Friday, February 27, 2009

A Paradox in the Politics of Science

Has anyone else noticed this irony: that a lot of the people who reject well-grounded science (evolutionary theory, climate change, etc.) hold exactly the same stereotypical ideas about gender that pop up repeatedly in evolutionary psychology? Obviously many of the denialists have religious reasons for rejecting sound science, while evolutionary psychologists and sociobiologists are overwhelmingly secularists. Yet they share the idea that men are the pursuers, women the pursued; that men are naturally dominant; that homosexuality is somehow aberrant.

Strange bedfellows, huh? Logically, we can be pretty sure no one working in the field of ev psych or sociobiology believes in creationism. These are disciplines that have spawned some of our most outspoken atheists. Many of these scientists them see their work as progressive, in fact. Many believe their research exposes the roots of human nature, allowing us to mold a kinder, more ethical society. In The Caveman Mystique, Martha McCaughey portrays this impulse as a quasi-religious reformist zeal that arose as practitioners of ev psych and sociobiology moved into the void left by the post-Darwin decline of religion.

To be fair, ev psych and sociobiology often look more regressive than they are because the media skews their findings to match existing gender stereotypes. However, the actual science is still too often rife with speculation and gendered assumptions (as figleaf shows today in a smart post on how these assumptions skew findings). And so it meshes all too easily with the stories that religious fundamentalists tell about our gendered "nature."

On the flip side, I'd be interested to know if there's a subset of creationists who also embrace ev psych. Seems to me that the "ev" part of it would be anathema to them. But otherwise the "psych" half would work pretty well for them, if they could only find a way to compress it into the past 6000 years.


John Pine said...

I think religious people are more offended by the notion of blind chance in evolution: that mutations are random.

For me, randomness is central to order: chance is God's main law. A gas would not diffuse properly if all the molecules headed in the same direction: proper randomness is essential. The laws of the universe are the tidy result of reliable randomness.

Darwin applauded Charles Kingsley for saying 'God made the universe make itself'.

Simon Conway Morris is Professor of Evolutionary Palaeontology at Cambridge and also a Christian - to him I think the biblical six days of creation stretched out quite a long way.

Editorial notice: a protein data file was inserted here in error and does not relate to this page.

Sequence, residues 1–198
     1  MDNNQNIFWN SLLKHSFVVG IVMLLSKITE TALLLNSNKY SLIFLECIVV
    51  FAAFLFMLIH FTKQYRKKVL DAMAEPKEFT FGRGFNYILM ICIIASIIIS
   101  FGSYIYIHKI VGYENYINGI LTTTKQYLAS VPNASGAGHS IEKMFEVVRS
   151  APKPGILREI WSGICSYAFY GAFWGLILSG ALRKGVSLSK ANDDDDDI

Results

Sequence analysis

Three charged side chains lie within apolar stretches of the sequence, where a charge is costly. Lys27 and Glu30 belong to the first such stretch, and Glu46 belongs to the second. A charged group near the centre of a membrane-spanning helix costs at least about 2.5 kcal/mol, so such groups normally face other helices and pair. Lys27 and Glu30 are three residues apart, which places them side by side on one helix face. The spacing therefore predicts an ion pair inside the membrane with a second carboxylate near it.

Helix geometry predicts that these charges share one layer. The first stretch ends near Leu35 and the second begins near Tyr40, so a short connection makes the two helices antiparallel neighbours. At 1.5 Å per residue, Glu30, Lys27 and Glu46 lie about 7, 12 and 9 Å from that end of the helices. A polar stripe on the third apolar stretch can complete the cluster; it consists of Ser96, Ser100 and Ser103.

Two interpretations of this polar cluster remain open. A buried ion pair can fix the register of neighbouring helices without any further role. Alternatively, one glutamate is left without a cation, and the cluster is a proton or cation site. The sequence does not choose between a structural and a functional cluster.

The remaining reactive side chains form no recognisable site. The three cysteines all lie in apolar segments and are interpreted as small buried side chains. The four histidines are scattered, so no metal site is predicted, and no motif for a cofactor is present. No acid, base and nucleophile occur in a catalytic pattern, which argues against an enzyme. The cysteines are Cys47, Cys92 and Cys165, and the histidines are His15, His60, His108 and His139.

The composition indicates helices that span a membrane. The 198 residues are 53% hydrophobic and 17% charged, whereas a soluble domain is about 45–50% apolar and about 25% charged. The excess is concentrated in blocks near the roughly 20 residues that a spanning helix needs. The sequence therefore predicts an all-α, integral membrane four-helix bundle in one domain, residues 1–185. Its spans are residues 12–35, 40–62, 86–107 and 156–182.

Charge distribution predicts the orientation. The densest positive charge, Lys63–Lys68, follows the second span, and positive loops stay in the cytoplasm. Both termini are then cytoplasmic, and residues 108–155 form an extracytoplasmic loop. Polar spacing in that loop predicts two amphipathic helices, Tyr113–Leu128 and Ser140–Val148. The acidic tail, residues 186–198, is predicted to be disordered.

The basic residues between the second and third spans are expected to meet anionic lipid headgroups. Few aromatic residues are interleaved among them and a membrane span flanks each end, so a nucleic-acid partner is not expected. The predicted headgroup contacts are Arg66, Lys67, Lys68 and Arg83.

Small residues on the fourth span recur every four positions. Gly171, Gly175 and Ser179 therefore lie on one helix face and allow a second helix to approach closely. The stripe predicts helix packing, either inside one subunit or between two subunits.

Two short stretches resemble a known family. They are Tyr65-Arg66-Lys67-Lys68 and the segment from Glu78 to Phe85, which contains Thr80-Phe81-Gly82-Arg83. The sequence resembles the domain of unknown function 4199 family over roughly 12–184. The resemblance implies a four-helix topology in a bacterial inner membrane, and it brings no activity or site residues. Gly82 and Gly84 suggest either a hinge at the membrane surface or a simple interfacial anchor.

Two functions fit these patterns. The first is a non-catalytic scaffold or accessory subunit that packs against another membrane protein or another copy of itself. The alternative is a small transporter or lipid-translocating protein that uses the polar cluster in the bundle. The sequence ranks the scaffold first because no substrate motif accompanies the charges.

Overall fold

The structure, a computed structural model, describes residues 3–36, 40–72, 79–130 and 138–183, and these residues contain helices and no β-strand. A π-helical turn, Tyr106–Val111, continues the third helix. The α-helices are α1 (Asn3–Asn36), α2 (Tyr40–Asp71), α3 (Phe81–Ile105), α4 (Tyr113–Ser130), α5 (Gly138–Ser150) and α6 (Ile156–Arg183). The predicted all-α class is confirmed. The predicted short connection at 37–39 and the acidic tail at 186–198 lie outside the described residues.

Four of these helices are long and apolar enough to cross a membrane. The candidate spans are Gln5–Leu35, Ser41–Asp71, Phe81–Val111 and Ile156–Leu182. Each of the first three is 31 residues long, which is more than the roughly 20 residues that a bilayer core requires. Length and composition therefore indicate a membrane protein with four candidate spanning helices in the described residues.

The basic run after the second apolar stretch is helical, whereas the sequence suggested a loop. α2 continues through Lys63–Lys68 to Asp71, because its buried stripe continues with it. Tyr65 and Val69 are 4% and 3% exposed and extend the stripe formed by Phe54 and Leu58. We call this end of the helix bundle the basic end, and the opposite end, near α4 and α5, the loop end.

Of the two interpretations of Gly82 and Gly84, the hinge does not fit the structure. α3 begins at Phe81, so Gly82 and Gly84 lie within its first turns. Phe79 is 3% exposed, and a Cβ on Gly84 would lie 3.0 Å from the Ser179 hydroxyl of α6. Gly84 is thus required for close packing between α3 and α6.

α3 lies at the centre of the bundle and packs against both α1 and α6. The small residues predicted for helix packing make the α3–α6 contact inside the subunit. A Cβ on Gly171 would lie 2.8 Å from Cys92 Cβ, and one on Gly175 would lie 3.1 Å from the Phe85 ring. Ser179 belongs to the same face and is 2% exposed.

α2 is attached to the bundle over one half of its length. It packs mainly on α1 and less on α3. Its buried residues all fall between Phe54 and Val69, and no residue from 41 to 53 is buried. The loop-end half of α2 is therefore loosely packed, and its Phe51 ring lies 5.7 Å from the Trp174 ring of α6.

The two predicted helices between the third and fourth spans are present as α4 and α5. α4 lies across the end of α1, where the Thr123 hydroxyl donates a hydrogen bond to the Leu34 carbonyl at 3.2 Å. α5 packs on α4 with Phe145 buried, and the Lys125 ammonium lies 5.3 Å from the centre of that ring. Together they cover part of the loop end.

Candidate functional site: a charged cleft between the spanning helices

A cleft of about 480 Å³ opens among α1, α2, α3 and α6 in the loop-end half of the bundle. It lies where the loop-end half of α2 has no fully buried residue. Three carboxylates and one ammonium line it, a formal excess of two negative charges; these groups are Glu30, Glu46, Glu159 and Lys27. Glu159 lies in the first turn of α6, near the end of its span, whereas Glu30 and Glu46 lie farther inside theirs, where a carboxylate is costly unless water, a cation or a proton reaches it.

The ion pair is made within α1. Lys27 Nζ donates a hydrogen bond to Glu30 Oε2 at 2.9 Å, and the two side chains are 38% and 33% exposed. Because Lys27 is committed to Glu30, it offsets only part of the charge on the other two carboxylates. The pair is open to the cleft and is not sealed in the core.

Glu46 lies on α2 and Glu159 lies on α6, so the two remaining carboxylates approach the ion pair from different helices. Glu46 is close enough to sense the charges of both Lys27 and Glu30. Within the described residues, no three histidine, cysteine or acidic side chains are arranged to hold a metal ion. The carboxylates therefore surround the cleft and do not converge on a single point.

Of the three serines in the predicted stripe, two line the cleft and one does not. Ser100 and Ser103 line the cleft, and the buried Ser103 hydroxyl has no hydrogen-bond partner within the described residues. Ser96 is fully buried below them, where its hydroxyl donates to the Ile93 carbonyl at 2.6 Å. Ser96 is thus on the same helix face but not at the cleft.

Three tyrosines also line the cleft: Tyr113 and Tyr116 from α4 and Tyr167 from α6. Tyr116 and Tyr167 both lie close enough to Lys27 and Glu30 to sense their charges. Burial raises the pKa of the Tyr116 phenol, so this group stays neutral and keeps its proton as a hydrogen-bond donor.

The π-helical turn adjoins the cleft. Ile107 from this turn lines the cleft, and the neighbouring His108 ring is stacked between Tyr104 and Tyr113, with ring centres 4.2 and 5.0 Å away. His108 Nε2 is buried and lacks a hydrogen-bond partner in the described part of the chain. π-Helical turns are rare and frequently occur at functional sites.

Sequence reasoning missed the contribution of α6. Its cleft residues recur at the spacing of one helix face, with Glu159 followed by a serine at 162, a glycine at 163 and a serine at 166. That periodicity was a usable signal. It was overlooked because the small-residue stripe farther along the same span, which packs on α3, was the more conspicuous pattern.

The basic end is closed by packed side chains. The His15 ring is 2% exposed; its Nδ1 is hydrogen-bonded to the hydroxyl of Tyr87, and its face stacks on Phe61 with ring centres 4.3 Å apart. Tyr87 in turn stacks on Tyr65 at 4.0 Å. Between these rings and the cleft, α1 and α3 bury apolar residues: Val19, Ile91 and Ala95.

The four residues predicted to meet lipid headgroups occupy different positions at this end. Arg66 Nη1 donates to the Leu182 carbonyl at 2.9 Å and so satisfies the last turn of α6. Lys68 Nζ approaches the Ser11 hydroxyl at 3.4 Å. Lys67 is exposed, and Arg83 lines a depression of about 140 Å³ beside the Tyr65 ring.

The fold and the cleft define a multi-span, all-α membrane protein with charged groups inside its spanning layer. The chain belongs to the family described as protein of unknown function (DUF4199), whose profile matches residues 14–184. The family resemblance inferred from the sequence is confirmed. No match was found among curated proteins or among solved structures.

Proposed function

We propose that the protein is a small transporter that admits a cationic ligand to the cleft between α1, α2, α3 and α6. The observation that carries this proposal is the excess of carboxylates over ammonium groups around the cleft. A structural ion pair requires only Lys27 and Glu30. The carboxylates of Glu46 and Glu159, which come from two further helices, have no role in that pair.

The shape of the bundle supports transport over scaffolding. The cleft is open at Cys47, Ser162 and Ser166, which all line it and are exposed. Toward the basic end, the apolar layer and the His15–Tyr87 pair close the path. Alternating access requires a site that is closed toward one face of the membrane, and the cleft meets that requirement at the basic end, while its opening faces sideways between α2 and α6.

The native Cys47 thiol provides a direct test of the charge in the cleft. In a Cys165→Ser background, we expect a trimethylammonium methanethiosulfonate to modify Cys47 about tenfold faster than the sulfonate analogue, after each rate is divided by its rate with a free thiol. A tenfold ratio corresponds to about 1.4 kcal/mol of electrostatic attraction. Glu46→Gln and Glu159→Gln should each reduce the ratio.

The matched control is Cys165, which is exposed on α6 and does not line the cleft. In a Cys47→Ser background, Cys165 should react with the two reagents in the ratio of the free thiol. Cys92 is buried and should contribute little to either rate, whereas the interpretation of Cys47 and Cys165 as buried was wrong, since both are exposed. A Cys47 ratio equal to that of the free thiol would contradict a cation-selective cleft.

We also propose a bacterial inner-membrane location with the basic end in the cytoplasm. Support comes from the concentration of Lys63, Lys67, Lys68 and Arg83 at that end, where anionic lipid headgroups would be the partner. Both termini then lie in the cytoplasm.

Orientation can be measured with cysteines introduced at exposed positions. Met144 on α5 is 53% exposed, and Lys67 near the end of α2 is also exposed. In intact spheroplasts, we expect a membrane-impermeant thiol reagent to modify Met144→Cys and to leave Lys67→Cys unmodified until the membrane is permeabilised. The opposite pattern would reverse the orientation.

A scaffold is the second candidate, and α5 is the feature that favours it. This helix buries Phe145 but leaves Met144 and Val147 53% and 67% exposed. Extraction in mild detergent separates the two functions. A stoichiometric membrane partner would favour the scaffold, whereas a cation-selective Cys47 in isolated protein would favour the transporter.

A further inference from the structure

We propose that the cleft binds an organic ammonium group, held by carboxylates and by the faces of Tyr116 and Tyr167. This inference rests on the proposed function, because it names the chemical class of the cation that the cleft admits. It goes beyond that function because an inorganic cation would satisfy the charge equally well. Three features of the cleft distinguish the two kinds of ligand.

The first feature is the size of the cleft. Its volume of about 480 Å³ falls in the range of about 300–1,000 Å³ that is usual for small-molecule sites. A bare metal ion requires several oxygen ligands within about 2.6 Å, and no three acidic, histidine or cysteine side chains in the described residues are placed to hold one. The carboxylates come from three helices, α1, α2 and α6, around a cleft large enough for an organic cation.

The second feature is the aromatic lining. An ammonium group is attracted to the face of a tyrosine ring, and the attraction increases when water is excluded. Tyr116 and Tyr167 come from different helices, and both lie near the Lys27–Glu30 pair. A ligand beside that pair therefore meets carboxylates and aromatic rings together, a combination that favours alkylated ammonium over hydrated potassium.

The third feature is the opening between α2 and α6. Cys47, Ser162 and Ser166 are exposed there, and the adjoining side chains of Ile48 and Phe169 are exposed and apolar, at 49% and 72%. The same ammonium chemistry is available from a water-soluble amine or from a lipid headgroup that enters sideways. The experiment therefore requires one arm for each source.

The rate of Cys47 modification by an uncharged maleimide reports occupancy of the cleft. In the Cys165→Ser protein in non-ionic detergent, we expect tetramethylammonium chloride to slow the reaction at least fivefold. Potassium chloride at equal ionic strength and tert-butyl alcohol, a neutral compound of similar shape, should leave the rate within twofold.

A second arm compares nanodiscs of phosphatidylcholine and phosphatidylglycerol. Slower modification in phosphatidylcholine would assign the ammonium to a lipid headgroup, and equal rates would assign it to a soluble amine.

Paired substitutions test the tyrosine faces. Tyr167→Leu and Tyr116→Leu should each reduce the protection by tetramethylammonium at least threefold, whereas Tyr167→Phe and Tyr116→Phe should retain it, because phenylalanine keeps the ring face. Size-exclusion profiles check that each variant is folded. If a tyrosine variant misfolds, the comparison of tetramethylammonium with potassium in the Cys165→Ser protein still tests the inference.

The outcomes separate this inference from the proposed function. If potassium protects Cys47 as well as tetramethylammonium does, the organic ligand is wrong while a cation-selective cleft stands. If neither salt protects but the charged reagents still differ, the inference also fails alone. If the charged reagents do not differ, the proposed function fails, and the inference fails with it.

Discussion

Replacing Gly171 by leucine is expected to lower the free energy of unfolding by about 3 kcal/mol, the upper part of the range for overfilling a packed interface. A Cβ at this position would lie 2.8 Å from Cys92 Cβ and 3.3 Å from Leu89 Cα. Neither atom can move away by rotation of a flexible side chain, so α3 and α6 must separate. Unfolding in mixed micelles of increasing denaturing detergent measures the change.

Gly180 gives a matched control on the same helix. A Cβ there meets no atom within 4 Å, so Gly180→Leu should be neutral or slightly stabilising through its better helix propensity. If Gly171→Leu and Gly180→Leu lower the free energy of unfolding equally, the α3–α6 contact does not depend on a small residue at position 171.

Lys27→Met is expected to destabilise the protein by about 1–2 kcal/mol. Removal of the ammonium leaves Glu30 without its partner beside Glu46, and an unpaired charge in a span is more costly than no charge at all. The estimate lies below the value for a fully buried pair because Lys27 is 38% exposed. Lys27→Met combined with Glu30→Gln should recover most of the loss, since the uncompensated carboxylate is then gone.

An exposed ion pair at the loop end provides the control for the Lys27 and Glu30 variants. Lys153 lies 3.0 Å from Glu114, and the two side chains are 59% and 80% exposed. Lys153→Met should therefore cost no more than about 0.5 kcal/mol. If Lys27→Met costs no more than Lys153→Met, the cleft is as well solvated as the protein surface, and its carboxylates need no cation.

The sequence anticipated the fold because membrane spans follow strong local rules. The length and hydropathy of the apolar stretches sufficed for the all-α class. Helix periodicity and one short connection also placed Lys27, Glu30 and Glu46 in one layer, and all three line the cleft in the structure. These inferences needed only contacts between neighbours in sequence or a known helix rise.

As for gender: it seems to be politically incorrect (defined by a visiting Australian to be 'anything a man - he meant an Englishman - says or does') to make any distinction between the two genders at all - except for the few physical differences which are absolutely undeniable. That all seems very odd to me, when the notion of masculine and feminine is the very mother of opposites.

I do know - and somewhere I have the reference which shows it - that children who grow up away from their fathers tend to be more 'unisex' in their behaviour(and remember that H G Wells's Eloi were pathetic examples of degenerates lacking dimorphism). Gender distinctions flow more from fathers than mothers.

I celebrate gender differences, like the French, and it's a weird world that has to tiptoe around any general statement just because there are a few exceptions. And yes, maybe gender differences are to some extent engineered, but so are battery terminals. I like electricity.

Sungold said...

John, I know plenty of religious people have what I'd call progressive views on gender roles (even if you might call them boring). I also know plenty who reconcile religion and science. I've even spoken with world-class astrophysicists who are deeply and quite conventionally religious.

My post didn't address those folks. It dealt with a very specific subset of scientists (those who study how evolution may have shaped human behavior, which is quite different from evolutionary paleontology), and also a subset of religious people (those who deny broadly-accepted tenets of science).

John Pine said...

Yes I wasn't keeping strictly to the subject of your post. I've reread it, and read Figleaf's post and your comment there. Evolutionary psychology (and I'm not clear about the difference between EP and ep) certainly finds it difficult to keep to scientific procedures and she does an excellent job of showing why.

I agree that the creationists and evolutionary psychologists make strange bedfellows.

Like a river finding its way between rocks, I look for a way forward that might be acceptable to both or all groups (more than a liking for gender stereotypes). No doubt you'll charge me again to get into my own blog (but you are so stimulating, Sungold).

Given the ability to replicate, changing environments, the fact of mutation, and the likely triumph of the better adapted, it seems obvious that evolution will take place, and why shouldn't that affect behaviour too?

But the picture is incomplete. There have been many observations (books full of them: Oliver Lodge, without whom radio would have no tuning; FWH Myers, so admired by William James and precursor to Freud; GNM Tyrrell etc) which require more than physical evolution to explain them. Books by these authors all challenge, using scientific methods, basic assumptions about the nature of human beings.

Physicists have long been used to studying non-physical quantities: energy, radiation, gravity etc. Light, and the way it travels through a vacuum, has been quite an embarrassment to epiphenomenalists.

The study of men and women needs to catch up. Genetics and Darwinism are at the nursery stage: consciousness is the main embarrassment here.

John Pine said...

Erratum: for 'non-physical quantities' read 'non-material quantities'.